If flowers were ‘mental food’, though, they were also ‘mute messengers’. Naturalist and author Henry David Thoreau described flowers as reminders ‘that a wise purveyor has been [here] before [us]’, and flower missions were keen to spread God’s word. Attached to each bunch of flowers was a card, upon which was written text from the Bible, a short verse, or a proverb. Missions paid careful attention to the content and design of these cards, praising those beautifully decorated with shells or embroidery and lamenting those cards ‘cut in grotesque shapes, and with unsuitable verses’ that were occasionally sent in by volunteers. Well executed cards were often kept (as bookmarks, or hung on walls as a decoration) or passed on to loved ones – one lady sent hers to her son serving as a soldier in India.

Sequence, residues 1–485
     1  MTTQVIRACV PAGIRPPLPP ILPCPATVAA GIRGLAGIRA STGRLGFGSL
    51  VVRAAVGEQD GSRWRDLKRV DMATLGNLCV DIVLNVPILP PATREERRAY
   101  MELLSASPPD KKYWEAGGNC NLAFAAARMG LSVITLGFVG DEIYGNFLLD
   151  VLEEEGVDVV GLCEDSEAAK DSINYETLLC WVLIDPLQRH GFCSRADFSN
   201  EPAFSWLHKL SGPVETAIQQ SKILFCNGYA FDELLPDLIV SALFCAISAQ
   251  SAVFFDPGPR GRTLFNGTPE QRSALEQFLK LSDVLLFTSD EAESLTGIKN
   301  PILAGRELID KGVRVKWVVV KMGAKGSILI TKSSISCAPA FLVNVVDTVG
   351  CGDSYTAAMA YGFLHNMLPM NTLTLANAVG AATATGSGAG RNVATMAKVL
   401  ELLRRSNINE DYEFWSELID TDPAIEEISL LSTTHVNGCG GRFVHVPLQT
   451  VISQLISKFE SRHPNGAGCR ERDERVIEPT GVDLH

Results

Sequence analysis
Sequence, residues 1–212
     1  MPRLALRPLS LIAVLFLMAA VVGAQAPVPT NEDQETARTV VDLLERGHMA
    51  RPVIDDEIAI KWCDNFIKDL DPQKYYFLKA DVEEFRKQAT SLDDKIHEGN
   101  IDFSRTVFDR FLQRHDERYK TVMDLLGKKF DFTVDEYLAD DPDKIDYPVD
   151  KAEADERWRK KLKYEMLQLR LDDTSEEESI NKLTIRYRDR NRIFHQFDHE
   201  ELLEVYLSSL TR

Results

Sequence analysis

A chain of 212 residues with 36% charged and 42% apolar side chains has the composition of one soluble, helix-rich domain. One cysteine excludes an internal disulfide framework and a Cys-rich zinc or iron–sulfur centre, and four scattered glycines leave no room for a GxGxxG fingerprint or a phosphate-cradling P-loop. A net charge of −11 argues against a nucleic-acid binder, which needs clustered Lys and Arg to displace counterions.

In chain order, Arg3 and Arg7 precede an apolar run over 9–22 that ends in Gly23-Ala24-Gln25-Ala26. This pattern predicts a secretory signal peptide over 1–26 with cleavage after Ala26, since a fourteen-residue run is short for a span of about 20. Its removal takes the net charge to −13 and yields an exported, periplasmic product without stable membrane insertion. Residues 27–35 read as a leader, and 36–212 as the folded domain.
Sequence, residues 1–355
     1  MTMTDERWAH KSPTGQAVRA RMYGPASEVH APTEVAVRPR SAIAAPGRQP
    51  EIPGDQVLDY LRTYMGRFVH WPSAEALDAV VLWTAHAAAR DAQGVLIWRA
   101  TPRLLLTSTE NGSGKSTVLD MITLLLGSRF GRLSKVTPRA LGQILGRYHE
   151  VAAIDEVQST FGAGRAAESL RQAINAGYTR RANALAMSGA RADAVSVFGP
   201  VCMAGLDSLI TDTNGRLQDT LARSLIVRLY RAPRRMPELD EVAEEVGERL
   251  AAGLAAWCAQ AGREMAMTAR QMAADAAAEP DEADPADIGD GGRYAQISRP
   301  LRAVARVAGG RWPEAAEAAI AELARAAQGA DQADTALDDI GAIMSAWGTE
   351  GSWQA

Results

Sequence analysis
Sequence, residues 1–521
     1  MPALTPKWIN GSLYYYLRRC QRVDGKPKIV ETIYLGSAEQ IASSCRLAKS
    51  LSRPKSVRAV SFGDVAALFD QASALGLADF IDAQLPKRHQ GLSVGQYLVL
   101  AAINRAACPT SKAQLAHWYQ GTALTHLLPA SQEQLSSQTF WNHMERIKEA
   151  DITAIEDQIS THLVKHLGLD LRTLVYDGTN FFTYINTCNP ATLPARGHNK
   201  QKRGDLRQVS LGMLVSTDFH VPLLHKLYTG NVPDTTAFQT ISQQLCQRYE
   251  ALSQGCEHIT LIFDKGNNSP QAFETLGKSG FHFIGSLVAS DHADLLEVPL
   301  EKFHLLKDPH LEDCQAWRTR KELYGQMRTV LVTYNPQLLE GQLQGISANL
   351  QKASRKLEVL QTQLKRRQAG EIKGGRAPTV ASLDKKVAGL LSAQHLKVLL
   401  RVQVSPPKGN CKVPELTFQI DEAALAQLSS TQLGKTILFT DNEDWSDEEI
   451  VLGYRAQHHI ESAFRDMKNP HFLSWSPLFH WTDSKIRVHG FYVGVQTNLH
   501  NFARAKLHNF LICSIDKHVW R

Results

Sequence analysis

Robert Gavin, The Flower Mission

Robert Gavin, The Flower Mission

Apart from biblical instruction, flowers could also offer a more practical education. In the gifts of flowers they received from the countryside, residents of the poorer areas of London glimpsed a different world and – if they were fortunate enough to receive a potted plant – were able to participate in the business of cultivation themselves. Despite the rather miserable assertion of one correspondent to The Spectator that ‘[m]erely to distribute bouquets [was] casting pearls before swine’, missions were quick to highlight the wider benefits that the gift of a plant could bring. A plant given to a sick girl in the slums apparently caused the washing of the windows to give it light and the opening of the windows to give it air, leading to a gradual cleaning and tidying of the whole house. In this way, we can see how the missions could be conceived of as one small part of a broader drive towards better urban sanitation and the provision of green spaces. The missions may, on first sight, seem like a rather frivolous exercise, but they were significant in encouraging people from all walks of life to take an interest in the natural world, as well as their own health and that of their fellow citizens.